Dennis became more at ease when I mentioned that I’d written about federal abuses at Waco and Ruby Ridge and had been publicly denounced by FBI chief Louis Freeh. I’m not sure he believed that last point, but he was far better informed on the details of FBI misconduct in those cases than was the typical Washington journalist who happily printed whatever hooey FBI agents fed him. We chatted for two hours outside that hardware store before Dennis invited us to spend the night at his house. I thanked him for the invite but said we wanted to head on to Asheville to hear some great fiddling.
Eric Rudolph was finally captured in 2003 by a local policeman in a small town about an hour from that hardware store. He pled guilty to the Atlanta bombing as well as multiple bombings of abortion clinics and a lesbian nightclub; he is now serving a life sentence in federal prison. Shortly after Rudolph was apprehended after more than four years in the mountains, the U.K. Independent pointed out that prior attempts to nail him illustrated “all the shortcomings of a hi-tech, militarized federal force unable to negotiate such alien, not to say hostile, territory.”
That was the lesson I took from Dennis and his story of FBI failures in his neck of the woods. FBI bosses can swagger in Washington and receive reverential treatment in the nation’s media. But far beyond the big cities and the coastlines, federal authority hinges largely on the consent of local citizens. Just because rural residents are mostly peaceful it doesn’t follow that they will be docile to imperious outsiders.
What would happen if, instead of fruitlessly seeking a single fugitive, a federal task force decides to seize all the AR-15 rifles in western North Carolina? The result would be like the classic bluegrass song about the “revenooer” who went up Rocky Top mountain and never came down. If innocent people were killed in the crackdowns on gun owners, the feds would very likely have to contend with the long-range .50 caliber armor-piercing bullets from Barrett sniper rifles, developed by a Tennessee boy a few decades ago. At that point, it would not matter how many editorial pages and cable news channels cheered on the G-men and howled for the blood of those defying government commands. The game would be over. Federal jurisdiction on that swath of America would be as illusory as the Afghan government’s control over the mountains of Tora Bora.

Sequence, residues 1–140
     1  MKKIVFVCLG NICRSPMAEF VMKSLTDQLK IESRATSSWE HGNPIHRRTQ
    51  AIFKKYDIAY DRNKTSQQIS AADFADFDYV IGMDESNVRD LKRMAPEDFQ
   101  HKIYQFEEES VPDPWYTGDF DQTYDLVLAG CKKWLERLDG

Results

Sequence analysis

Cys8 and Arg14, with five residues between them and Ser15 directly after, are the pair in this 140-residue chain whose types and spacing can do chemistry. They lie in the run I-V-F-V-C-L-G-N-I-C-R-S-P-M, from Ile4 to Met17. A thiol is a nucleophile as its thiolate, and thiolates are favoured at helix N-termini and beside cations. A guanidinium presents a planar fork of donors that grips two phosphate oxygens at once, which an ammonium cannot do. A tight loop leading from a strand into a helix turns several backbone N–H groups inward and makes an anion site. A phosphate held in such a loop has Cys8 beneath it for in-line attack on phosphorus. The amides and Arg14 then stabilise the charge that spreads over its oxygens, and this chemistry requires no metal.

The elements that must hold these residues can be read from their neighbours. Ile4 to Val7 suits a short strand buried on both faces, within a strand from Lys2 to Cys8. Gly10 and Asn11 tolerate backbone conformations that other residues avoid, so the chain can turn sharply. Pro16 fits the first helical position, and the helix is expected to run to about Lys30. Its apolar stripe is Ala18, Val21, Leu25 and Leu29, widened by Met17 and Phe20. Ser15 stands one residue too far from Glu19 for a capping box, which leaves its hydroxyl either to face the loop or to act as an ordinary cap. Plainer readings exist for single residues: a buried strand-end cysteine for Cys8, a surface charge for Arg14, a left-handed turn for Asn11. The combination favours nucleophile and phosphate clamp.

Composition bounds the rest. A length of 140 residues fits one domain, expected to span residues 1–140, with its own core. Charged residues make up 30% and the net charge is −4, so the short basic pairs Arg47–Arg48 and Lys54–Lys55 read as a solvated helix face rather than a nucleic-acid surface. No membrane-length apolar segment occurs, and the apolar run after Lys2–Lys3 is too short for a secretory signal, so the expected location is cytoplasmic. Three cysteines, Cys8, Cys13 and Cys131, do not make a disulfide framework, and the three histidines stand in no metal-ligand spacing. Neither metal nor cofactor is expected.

That new movie on Richard Jewell, produced by Clint Eastwood, received a few rave reviews and plenty of hostile responses from the media. The Washington Post, the hometown paper for the Deep State, fretted that the movie’s “vilification of reporters and the feds” amounts to “nearly a second railroading … of Jewell’s accusers.” But some FBI officials and some journalists deserved tarring for their abuse of Richard Jewell. The media’s reflexive rallying around the FBI in the Jewell case is a warning sign of how difficult it will be to spur support to rein in the FBI regardless of how many of its abuses are exposed.
The Founding Fathers wisely did not create a national police force. However, since Prohibition, federal law-enforcement agencies have multiplied like mushrooms. Congress has dismally failed to perform its duty in keeping an eye and a leash on federal agencies armed with massive firepower and even more deadly legal authority. The Richard Jewell saga is a reminder of how long things have been out of control.
This article was originally published in the July 2020 edition of Future of Freedom.